Summer lawsuit trial seen in deadly Florida condo collapse | The Daily Reporter – Milwaukee, Wisconsin

Milwaukee, Wisconsin 2021-12-01 13:27:47 –

Rescue workers are working on the wreckage of the Champlain Towers South Condominium Building in Surfside, Florida, on June 25. Said on Wednesday. (AP Photo / Gerald Herbert, File)

AP Legal Writer

A summer trial is likely to take place in a lawsuit seeking millions of dollars in damages from the collapse of a Florida seaside condominium and the deaths of 98 people, the judge said Wednesday.

The trial will begin in July or August, Judge Michael Handsman of the Miami-Dade Circuit Court said in a hearing. He added that he would not look at the delay favorably.

“I don’t allow extensions or continuations, not in this case,” Handsman said. “I’m coming next summer and I’m going to choose a jury in this case. I won’t go beyond that.”

The proceedings filed in the aftermath of the 12-story Champlan Towers South, which collapsed on the surfside on June 24, aim to hold victims, families and property owners accountable and raise money. ..

The collapse occurred when the building had been recertified for 40 years. This could have meant a rush of appraisals for condominium owners to fund structural and other issues identified a few years ago.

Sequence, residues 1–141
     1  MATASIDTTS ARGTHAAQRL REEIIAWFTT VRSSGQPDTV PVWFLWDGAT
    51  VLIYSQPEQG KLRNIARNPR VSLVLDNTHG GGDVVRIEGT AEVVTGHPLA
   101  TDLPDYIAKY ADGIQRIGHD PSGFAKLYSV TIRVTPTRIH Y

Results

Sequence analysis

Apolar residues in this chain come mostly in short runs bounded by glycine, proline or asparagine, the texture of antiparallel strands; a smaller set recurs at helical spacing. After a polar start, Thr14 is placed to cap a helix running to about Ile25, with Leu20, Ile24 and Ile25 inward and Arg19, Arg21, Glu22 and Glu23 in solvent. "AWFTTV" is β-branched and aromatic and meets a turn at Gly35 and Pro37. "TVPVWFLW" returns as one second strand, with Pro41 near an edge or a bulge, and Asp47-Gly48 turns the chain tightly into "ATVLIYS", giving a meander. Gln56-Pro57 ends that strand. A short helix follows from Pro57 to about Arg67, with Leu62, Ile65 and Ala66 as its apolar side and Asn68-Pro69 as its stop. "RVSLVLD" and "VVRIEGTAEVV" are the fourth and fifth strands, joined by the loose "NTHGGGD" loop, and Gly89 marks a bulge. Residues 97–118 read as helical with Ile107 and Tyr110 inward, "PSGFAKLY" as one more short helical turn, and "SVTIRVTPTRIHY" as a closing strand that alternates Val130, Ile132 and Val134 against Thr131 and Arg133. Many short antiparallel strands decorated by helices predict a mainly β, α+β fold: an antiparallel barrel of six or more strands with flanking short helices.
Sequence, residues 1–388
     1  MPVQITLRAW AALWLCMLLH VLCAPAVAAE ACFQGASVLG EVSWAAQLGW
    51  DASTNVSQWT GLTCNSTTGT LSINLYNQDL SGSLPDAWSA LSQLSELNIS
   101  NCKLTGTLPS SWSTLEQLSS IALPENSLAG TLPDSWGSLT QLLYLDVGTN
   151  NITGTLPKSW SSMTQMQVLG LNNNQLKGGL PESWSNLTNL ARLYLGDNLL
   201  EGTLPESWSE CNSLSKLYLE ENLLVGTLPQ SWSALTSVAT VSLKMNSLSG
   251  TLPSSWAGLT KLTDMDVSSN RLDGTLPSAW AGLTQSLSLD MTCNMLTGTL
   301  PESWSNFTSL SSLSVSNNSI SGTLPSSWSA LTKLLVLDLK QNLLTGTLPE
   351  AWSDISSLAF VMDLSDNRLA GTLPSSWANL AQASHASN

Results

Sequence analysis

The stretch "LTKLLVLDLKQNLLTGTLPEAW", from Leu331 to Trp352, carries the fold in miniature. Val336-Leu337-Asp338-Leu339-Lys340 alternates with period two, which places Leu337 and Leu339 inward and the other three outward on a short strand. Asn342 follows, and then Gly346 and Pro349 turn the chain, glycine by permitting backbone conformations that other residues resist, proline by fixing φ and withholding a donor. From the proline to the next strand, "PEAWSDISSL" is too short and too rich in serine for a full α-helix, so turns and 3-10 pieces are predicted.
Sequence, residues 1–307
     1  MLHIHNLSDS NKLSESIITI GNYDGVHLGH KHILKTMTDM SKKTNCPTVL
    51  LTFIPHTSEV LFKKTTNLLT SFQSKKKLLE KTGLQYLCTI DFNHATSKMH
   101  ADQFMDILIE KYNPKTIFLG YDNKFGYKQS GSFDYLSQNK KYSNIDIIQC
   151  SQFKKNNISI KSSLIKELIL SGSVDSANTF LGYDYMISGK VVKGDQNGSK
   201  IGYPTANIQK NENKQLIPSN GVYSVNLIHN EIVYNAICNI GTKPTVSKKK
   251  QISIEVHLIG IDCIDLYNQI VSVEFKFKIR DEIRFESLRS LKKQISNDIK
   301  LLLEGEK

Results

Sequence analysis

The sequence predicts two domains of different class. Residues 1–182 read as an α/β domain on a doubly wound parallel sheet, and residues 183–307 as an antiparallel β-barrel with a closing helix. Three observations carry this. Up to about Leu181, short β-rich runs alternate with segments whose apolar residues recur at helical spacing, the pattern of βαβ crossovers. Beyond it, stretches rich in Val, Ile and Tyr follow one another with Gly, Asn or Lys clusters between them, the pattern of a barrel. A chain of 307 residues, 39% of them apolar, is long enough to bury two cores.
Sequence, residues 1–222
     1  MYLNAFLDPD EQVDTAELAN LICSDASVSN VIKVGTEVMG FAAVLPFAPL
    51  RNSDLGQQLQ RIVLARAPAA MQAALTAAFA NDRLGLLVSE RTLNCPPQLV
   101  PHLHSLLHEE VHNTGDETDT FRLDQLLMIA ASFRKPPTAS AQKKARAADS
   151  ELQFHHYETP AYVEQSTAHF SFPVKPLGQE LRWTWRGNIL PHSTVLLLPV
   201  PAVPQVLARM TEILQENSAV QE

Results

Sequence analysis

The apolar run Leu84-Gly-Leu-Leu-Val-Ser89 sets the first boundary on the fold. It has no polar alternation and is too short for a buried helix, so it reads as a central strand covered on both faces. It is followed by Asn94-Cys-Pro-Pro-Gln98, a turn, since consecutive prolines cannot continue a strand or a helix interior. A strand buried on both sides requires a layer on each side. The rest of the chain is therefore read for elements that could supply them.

One of the class proceedings that could resolve the entire legal issue was filed last month, and the excavation and construction of an adjacent luxury building exacerbated a serious structural flaw that already existed in Champlain Towers South. Insisted.

Developers and others involved in the construction of the adjacent 18-story Eighty Seven Park Tower listed as defendant have denied that their construction work contributed to the disaster.

Handsman said he would probably set a solid summer trial day in January. It is possible that the case will be resolved before the trial takes place.

Mediators are exploring how to distribute litigation damages, insurance claims, and land sales between victims of tort and those who have lost only property. Land that once had a condominium could sell for more than $ 120 million once all bids have been received.

“We have been working non-stop to solve these problems,” said Judd Rosen, a lawyer for a group of victims.

“There is nothing that makes the court happy,” Handsman said.

Meanwhile, investigation into the cause of the collapse is ongoing and will be reinforced by the work of specialists hired to collect evidence of the proceedings.

The leading research institute, the National Institute of Standards and Technology, recently estimated that the survey could take up to two years.

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